The Kimberley region of Western Australia is the western-most region of the Australian Monsoon Topics (AMT), bordered by the Top end to the east, and the Pilbara / Great Sandy Desert bioregions to the south.
The region is generally believed to have been significantly impacted by arid phases of varying intensity since the mid-Miocene, resulting in the successive loss of much of its ancestral flora, concurrently invaded by Asian elements immigrating as Australia drifted northward. In addition to lineage loss due to aridity, and lineage gain via immigration, there is an apparent trend toward local speciation in the flora, especially in association with sandstone ranges. However, few studies have explicitly tested biogeographic hypotheses in the Kimberley flora.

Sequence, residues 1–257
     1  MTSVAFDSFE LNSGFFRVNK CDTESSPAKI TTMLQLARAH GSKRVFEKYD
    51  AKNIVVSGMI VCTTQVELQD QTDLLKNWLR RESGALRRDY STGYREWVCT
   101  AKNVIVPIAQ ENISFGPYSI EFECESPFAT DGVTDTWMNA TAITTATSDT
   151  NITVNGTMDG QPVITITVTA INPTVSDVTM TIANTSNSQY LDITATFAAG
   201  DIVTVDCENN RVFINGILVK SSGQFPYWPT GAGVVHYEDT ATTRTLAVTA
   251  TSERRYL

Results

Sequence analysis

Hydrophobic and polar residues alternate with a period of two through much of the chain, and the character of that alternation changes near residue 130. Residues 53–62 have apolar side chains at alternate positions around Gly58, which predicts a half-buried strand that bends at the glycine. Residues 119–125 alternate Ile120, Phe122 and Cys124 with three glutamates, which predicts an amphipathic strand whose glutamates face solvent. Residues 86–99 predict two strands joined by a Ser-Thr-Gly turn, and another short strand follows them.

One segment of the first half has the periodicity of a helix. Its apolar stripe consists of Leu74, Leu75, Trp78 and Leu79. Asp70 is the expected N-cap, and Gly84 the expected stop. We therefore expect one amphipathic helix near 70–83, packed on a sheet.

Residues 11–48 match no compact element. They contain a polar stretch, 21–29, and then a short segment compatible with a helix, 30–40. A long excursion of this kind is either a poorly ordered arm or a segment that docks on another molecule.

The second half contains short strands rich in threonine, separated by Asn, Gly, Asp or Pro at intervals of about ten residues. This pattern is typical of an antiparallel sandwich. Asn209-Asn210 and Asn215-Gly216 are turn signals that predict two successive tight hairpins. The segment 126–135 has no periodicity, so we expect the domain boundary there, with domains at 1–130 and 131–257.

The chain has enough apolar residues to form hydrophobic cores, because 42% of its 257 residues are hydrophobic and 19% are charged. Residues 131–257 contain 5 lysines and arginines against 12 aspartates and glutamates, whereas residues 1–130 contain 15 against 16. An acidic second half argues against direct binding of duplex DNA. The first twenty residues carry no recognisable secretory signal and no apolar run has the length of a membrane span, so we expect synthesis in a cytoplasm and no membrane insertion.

I will re-evaluate endemicity in the Kimberley flora, explore biogeographic relationships with neighbouring regions, and examine some recent detailed Kimberley phylogeographic studies, with a focus on Triodia spinifexes (Poaceae), which show an unexpected diversity associated with sandstone ranges, including cryptic species, short-range endemism, and genetic isolation between adjacent range systems. The assessment of spinifex biodiversity is currently being extended using intron capture and other methods to explore speciation, introgression and hybridisation in this complex radiation in north-western Australia.